Ellison Reveals That Sun Is Losing $100M per Month
For the first time, Oracle CEO Larry Ellison admits his concern about slow-moving proceedings by the European Commission in sanctioning the $7.4 billion acquisition of Sun Microsystems. Ellison also redefines Oracle as a systems company, not just a software producer.SAN JOSE, Calif.-Oracle CEO and founder Larry Ellison talked about a great many things Sept. 21 in an appearance for the Churchill Club here at the Fairmont, ranging from the 1977 origins of his company, to competing for the 2010 America's Cup, to buying Sun Microsystems, to his current goal-which is to displace IBM to become the biggest, most successful and most important IT systems vendor in the world.
"We've already beaten IBM in software," Ellison said. "Now we want to beat them in systems."
One of the more important revelations was that Oracle's latest announced purchase, Sun Microsystems, is leaking money at a rate of $100 million per month and that the final regulatory blessings of the European Commission on the $7.4 billion Sun acquisition announced April 20 cannot come soon enough.
The EC is expected to make a decision in October on whether a combined Oracle-Sun corporation would present antitrust problems by inhibiting competition in the database and enterprise networking sectors. If the EC does not approve the transaction, it may decide to initiate a full due-diligence probe. Such an investigation could take as long as four months, seriously slowing down the acquisition process.
Oracle, with its acquisitions of PeopleSoft and Siebel, already owns nearly half of the enterprise parallel database market. IBM, with its DB2, comes in at around 22 percent. Microsoft with SQL Server has about 19 percent, and Sybase, Teradata, Ingres and Sun's open-source MySQL take up most of the final 9 percent.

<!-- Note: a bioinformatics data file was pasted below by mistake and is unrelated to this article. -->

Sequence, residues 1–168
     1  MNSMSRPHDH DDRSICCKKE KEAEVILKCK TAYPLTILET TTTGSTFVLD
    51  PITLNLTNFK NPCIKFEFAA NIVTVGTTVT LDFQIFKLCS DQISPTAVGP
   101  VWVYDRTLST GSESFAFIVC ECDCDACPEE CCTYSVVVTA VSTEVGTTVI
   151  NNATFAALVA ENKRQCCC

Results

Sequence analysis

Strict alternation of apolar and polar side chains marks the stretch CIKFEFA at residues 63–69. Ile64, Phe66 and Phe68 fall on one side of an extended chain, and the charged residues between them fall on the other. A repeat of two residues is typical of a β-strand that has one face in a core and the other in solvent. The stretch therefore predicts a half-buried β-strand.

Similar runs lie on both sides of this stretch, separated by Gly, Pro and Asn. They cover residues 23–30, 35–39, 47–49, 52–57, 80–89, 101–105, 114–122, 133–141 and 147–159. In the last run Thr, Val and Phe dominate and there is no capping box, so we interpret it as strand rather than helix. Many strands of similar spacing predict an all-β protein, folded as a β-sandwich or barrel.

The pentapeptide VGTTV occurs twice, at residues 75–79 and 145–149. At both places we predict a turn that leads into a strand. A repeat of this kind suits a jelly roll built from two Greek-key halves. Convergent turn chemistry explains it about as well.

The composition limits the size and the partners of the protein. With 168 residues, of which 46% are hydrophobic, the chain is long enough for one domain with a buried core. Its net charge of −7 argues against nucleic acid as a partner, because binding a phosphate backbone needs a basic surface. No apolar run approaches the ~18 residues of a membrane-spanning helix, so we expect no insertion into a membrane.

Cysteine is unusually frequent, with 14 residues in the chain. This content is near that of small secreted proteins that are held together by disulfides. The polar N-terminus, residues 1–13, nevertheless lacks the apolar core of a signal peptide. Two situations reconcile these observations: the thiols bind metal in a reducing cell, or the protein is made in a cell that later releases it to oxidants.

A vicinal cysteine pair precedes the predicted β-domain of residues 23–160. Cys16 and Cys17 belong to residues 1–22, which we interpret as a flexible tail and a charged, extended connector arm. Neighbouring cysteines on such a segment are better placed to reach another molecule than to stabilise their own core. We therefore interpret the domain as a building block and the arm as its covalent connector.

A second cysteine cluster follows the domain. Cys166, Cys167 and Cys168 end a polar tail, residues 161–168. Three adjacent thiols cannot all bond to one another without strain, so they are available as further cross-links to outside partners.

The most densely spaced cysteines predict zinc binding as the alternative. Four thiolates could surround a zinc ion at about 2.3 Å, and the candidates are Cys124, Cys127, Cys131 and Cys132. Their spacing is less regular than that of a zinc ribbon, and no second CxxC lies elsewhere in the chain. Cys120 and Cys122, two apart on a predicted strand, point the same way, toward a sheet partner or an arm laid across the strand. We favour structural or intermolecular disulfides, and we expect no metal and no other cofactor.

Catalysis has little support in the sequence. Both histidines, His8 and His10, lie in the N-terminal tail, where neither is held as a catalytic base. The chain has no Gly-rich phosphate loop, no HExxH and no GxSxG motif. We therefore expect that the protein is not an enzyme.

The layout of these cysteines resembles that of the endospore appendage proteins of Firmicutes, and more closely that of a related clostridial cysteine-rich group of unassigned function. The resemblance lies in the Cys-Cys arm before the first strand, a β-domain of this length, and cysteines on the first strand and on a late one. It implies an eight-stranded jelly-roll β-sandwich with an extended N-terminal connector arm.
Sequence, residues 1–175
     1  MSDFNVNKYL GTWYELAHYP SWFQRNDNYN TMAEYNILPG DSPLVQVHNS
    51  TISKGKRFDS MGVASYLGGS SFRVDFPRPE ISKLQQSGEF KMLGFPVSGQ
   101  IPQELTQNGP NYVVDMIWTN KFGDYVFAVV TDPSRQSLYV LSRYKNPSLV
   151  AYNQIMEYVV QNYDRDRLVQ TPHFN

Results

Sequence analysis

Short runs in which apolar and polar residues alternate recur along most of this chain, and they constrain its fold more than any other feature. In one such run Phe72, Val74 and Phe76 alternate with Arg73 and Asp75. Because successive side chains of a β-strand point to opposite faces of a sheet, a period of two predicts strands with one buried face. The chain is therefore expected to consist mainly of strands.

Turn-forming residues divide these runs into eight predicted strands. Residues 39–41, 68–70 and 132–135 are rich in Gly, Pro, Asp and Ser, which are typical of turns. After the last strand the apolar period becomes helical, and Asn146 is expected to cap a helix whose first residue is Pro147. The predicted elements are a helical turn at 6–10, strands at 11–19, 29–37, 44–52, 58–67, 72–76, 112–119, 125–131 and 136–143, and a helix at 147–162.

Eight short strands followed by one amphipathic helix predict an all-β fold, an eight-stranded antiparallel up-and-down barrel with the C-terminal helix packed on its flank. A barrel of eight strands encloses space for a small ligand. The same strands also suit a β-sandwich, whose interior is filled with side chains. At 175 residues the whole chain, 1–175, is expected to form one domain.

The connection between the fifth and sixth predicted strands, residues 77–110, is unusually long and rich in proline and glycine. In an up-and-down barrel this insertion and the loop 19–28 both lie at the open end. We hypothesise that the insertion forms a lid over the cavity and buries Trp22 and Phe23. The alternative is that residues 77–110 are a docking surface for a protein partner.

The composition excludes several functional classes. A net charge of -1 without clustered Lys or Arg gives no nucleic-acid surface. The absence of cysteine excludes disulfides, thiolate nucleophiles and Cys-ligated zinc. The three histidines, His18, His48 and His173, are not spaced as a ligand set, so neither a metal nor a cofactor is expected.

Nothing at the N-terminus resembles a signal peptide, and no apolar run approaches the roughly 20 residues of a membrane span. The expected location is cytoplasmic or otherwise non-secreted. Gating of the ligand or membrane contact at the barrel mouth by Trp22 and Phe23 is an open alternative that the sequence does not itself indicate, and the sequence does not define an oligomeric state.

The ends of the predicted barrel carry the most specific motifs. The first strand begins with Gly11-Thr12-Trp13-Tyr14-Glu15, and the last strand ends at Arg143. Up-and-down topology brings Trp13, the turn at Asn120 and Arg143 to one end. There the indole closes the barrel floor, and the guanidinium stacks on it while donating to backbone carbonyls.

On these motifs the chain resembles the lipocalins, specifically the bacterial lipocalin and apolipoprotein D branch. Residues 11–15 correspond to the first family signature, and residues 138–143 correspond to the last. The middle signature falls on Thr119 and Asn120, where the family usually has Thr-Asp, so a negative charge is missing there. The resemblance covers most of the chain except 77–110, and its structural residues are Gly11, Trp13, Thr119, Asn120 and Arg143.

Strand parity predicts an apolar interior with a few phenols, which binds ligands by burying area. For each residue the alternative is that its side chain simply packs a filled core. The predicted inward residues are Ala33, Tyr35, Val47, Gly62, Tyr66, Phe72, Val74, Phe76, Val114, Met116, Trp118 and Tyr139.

Oracle would control more than half the market following the Sun acquisition. However, analysts contacted by eWEEK generally agreed that the EC will likely sanction the acquisition anyway. "Right now, Sun is losing $100 million a month; that's a problem," Ellison said. "So timing is important. We'd like to get this thing done. We'd like to end the uncertainty around this thing. If you read the HP [Hewlett-Packard] ads [in recent national publications] that say, 'How much uncertainty can you take?' They're just playing off the uncertainty. The problem we have is, the longer this takes, the more money Sun will lose, and that's not good for anybody."
Ellison spoke for a bit more than an hour onstage with a longtime friend, former Sun and Motorola President Ed Zander, before a near-full house of about 600.
It was the first time that Ellison, who hopes to close the Sun acquisition by October, spoke publicly and in depth about the deal, which was approved by U.S. antitrust regulators on Aug. 20.
"Sun has been a national treasure for the last couple of decades," Ellison said. "Sun has fantastic technology. I think that if you put up IBM, HP and Sun strictly on a [technological] level, I'm not sure you wouldn't pick Sun, if they were all the same price. It has great x86 technology, great networking technology, great processor technology; SPARC is extremely competitive. Solaris is a mature, tested operating system, the best one there is for large systems. Much faster than [IBM's] AIX, any day. Sun also has great open storage systems. It has the best tape archiving systems around. And Java speaks for itself."
Ellison made it clear that Oracle intends to become a full-service IT software, hardware and services supplier to most sectors of the market.
"We have no interest in the hardware business," Ellison said. "We have a deep interest in the systems business. Great systems vendors ship a hardware-software combination that allows them to be instrumental in the acceleration of the Internet.
"We think that by providing our software with hardware ... we can deliver systems that can be the backbone of most enterprises around the world. It's really a combination of the two."
Oracle is very interested in running airline reservation systems, banking systems and telecommunication systems, Ellison said, not in simply selling software, hardware and services that customers would put together and deploy.